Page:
Music

Jeffrey Halford & the Healers’ West Towards South
 
 

The guitars grow into beasts as we waltz through the opening bars of “Deeper than Hell,” one of ten tracks to be discovered in Jeffrey Halford & the Healers’ West Towards South, but this won’t be the only time that they exert their dominance over everything else in this awesome new album from the Americana crew. “A Town Called Slow,” stripped down to its nuts and bolts, is stylized around its string play and the evocative churn that it uses to colorize Halford’s lyrics. Though executed at a different pace than those two songs, “Sea of Cortez” is just as much a guitar-centric piece as they are, and even if it didn’t have a single lyric in its three and a half minutes of sonic bliss, I have a feeling that through its moving musicality, we’d still understand the narrative that the band is conveying to us here.

URL: http://jeffreyhalford.com/news/

Pastoral poetry is a staple ingredient in the recipe for success that Halford and the Healers try out in West Towards South, and in “Geronimo,” “The Ballad of Ambrose and Cyrus” and “Willa Jean,” it becomes so rousing that it’s hard to engage with anything else going on in the tracks. I’ve listened to a few of the records that this band has put out prior to this one, and I’m not sure that Halford has ever been this vulnerable with fans before. He’s regaling us with a tall tale about two brothers, but I get the vibe that the message here is a lot more complex than its highly stylized cosmetics would have us believe. It’s personal, it’s intimate, and more than anything else, it’s as American as apple pie.

I would have preferred a little more urgency as the record enters its second act after “A Town Called Slow,” but the fluidity of the material is rock-solid nonetheless. “Gallows” and “Geronimo” take us into a darker corner of the band’s songwriting than I was expecting to hear in this record, but it actually balances out some of the looser, more instrumentally-focused material that we get started with in the title track and “Dead Man’s Hand.” Jeffrey Halford, Adam Rossi and Bill MacBeath don’t waste our time with any filler in West Towards South; from the time we get lost in the slow grind of the first song to the very moment when “The Ballad of Ambrose and Cyrus” disappears into the ethers from which it came, this band is hitting it hard and playing as if their lives depended on it.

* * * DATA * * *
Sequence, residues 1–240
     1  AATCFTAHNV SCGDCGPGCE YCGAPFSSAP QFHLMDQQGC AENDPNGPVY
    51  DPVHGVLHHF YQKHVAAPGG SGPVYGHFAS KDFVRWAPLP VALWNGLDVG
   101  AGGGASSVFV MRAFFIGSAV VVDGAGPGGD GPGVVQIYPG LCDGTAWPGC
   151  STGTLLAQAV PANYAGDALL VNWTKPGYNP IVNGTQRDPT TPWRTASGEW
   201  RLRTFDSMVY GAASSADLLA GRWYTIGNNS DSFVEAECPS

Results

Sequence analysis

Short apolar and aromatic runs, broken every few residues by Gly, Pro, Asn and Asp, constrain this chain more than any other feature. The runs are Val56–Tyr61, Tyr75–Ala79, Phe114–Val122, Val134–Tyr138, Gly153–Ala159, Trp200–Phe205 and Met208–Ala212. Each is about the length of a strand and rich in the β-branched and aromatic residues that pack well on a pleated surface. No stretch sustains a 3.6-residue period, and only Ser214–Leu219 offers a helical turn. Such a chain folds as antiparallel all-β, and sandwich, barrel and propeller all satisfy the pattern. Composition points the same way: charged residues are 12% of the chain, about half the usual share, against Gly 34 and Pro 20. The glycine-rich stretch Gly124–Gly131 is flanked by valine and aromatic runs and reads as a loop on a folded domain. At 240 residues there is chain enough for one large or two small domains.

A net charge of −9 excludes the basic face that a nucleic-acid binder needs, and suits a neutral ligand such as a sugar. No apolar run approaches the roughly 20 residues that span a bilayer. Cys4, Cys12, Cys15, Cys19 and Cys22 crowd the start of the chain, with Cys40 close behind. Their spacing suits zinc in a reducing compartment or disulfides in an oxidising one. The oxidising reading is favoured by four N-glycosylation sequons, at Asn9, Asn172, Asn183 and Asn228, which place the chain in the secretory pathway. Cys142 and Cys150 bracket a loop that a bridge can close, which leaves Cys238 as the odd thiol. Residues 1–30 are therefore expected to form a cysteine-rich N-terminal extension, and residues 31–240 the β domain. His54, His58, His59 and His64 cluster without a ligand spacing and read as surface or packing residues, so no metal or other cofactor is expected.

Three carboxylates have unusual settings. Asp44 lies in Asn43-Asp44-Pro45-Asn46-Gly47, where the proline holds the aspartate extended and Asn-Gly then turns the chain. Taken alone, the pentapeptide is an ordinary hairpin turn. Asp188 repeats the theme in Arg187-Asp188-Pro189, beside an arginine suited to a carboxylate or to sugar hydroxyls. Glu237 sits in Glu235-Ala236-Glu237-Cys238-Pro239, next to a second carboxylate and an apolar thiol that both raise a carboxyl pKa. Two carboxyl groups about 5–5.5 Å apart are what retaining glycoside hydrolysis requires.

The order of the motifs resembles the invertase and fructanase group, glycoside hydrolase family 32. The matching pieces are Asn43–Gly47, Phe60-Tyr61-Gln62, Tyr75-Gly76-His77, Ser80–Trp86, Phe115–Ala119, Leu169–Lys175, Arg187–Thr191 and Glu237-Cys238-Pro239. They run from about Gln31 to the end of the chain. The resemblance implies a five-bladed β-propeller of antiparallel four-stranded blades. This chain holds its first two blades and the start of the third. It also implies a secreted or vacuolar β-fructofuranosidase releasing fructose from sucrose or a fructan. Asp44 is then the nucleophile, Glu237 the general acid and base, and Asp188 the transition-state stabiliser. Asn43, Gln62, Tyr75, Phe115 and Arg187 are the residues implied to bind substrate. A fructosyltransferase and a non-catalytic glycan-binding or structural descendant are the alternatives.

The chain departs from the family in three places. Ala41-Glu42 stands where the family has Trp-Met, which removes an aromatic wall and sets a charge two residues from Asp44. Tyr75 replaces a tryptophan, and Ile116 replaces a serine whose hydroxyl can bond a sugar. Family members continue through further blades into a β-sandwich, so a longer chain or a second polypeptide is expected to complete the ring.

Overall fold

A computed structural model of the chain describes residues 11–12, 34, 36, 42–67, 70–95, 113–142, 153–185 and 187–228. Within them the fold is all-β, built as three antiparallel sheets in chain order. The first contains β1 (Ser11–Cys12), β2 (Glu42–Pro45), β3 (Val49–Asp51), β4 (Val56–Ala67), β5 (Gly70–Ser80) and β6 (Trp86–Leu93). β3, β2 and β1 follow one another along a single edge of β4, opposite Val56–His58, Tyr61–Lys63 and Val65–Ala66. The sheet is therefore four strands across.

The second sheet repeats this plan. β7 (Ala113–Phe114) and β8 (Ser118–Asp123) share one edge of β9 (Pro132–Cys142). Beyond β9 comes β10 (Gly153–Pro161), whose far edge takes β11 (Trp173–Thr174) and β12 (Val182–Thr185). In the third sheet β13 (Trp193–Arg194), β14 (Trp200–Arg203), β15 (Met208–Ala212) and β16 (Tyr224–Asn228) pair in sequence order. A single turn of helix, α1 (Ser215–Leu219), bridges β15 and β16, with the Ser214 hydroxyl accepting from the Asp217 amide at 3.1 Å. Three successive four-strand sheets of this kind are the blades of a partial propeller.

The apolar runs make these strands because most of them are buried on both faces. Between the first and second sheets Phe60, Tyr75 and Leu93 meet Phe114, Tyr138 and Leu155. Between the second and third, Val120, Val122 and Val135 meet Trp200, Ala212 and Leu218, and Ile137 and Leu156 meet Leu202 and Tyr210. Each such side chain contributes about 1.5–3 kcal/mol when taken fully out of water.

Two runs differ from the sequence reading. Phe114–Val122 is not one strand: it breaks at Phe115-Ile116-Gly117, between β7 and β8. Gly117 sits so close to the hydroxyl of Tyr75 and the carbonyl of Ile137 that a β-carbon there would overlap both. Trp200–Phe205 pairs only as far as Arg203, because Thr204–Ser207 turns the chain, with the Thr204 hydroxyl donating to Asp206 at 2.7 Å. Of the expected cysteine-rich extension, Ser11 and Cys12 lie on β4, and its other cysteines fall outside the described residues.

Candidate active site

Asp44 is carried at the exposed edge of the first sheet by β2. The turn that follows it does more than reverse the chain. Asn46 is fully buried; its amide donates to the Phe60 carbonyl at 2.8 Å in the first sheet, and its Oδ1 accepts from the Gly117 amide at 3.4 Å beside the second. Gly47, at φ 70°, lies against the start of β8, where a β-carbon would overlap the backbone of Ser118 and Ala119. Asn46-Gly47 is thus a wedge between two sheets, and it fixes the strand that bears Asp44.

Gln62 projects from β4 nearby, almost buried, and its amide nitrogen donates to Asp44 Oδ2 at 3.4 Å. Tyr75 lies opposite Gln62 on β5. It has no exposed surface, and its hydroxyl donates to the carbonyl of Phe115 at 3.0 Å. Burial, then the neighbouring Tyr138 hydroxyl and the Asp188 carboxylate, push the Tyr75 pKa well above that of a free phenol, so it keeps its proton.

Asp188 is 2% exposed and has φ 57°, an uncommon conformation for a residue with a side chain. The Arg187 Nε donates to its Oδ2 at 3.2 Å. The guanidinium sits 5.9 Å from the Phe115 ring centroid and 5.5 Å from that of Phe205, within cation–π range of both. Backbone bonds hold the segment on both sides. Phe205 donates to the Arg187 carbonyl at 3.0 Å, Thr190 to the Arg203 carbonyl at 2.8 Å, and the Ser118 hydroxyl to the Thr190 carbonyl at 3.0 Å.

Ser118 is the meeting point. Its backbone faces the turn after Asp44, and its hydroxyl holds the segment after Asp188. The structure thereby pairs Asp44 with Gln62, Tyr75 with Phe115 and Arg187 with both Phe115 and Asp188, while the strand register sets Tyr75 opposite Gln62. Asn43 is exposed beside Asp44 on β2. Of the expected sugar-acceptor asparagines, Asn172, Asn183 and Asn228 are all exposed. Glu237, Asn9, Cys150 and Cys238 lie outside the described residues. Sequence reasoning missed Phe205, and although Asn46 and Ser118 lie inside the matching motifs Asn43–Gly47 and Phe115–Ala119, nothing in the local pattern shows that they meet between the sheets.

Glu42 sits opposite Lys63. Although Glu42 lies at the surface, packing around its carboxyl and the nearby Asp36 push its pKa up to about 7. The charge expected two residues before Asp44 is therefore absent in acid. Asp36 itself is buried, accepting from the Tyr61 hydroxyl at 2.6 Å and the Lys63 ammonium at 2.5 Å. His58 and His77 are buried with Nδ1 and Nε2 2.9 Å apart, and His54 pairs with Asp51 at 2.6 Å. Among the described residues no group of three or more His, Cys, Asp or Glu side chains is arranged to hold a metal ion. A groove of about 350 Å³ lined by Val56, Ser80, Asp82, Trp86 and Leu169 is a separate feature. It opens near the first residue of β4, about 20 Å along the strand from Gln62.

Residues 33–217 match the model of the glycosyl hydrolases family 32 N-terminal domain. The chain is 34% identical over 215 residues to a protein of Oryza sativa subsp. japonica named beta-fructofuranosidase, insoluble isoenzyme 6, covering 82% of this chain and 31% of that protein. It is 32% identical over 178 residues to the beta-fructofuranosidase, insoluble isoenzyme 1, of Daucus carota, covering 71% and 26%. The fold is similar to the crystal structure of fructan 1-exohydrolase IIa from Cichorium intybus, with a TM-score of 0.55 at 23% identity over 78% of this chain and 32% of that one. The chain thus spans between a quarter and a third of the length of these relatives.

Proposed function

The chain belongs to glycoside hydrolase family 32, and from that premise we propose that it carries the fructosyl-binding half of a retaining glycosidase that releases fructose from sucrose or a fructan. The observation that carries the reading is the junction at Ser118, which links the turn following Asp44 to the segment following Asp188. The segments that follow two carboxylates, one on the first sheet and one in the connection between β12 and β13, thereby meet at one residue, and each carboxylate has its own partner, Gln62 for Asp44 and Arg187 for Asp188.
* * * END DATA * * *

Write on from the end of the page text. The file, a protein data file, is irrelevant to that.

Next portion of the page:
SPOTIFY: https://open.spotify.com/album/5Yxba0Q1kDR3AmtjsGt942

There are a lot of really good records coming out in the next few months from artists in rock, soul, pop, blues, hip-hop, electronica and country music, and though West Towards South was clearly conceived with a very specific audience in mind, it’s a strong effort from a skilled band of brilliant musicians who are keeping the flame of Americana burning as hot as it did some half century ago. The more surreal moments in Jeffrey Halford & the Healers’ latest album actually fit in elegantly with the alternative country movement’s new look entering 2020 as well as that of indie folk, but make no mistake about it – this is as original a sound as you’re likely to find all year long, regardless of genre or scene.

Anne Hollister

Written by Anne Hollister

We do music reviews for Independent Artists and Publicists.

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